Sunday, August 4, 2013

Yellowstone Vacation – Anxiety and Anger in the Tetons

After our wonderful time the day before, we were looking forward to another great day in the Tetons.

After breakfast, we took short stroll around Jackson, stopping to take a picture at one of the famous elk antler arches.

And then it was on to the first of our two big activities of the day – riding the Aerial Tram up to the top of the mountain at Jackson Hole.

Kai was eager to board the tram.

But as the door to the tram shut, the operator made a few announcements. She explained that we would pass five towers that held up the cable, and at those moments, we might feel a shifting in the tram.

Well, that was all it took for Kai to feel anxious.

“I’m scared!”

We assured Kai that there was nothing to be scared about. The tram takes thousands of people each day making trips up and down all day long.

Yeah, logical explanations never seem to help with Kai in times like these.



I explained that it would be a long walk.


The more we tried to get him to calm down, the angrier he got.


That comment drew chuckles from several in the very crowded tram, all of which could clearly hear him.


After 12 minutes, we reached the top, and he quickly got off.

I got him to pose for a picture.

I walked up to the top to take in the panorama.

But Kai would have none of that and wanted to get back down to where the tram was.

There was a very tiny café and I enticed him with the promise of an ice cream. And as he ate his treat, he started to calm down.

And when we boarded the next tram to go back down. My wife warned him that he would have to stay quiet and not shout on the tram or he could not watch his videos in the car.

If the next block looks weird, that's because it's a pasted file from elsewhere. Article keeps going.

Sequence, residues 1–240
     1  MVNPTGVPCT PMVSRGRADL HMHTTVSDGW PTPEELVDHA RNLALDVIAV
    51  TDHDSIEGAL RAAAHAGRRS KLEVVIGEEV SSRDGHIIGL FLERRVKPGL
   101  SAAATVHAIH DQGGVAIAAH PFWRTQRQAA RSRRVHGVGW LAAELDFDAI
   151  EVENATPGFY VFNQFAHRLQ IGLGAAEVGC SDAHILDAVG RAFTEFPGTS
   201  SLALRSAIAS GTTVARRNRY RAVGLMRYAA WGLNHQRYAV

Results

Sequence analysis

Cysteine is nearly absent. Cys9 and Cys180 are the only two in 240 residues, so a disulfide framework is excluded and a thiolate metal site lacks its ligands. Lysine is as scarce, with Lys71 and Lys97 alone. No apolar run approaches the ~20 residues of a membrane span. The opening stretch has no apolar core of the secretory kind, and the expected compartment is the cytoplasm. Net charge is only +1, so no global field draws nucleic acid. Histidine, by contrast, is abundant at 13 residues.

He was tense at first, but gradually seemed to relax.

We reached the bottom with no further anxious moments. And as we got off, he said, “That was a lot of fun!”

My wife and I looked at each other and shrugged, feeling more exasperated than happy.

Still, we were relieved that it was over.

* * * * *

After lunch back in Jackson, we drove north, back to Grand Teton National Park, where we would do our second major activity of the day. I wanted to take the boat ride across Jenny Lake, and then take the half-mile hike up to Hidden Falls. I also was hoping to take the additional half-mile hike up to Inspiration Point, but was not holding my breath on that.

There was a line for the boat, and Kai got upset when the people just in front of us were the last ones allowed on. We had to wait for the next one.

I explained that being the first ones on was better, as we would have our choice of seats. Still, he was mad until we saw the next boat come into view.

We boarded, taking seats in the front row. And once we got going, Kai was very happy.

It was a pleasant ride across the lake, the spray from the water refreshing us while we took in the great view.

And then we reached the other side and began our hike.

We couldn’t have gone more than 20 yards, barely above the dock, when the complaints started.

“I’m tired!”

“I don’t want to hike!”

Our patience was already running thin. I told him sternly that he couldn’t be tired already, and that he would have to keep walking.

The trail to the falls was uphill and full of rocks. It was not the easiest one to walk. But I tried to take it slow, as much for my father-in-law as for Kai, and it should have been easily do-able for a healthy nine-year old.

Still, the complaints escalated.



We stopped for breaks along the way. Other families jaunted past us.

Finally, we made it to the falls. Kai was very happy as I gave him a high five for persisting.

And the falls were a beautiful sight.

I knew that there would be no way Kai could make the additional half-mile up to Inspiration Point, or my wife and father-in-law either. I briefly considered going up there by myself, but felt that it just wouldn’t be the same to do it without them.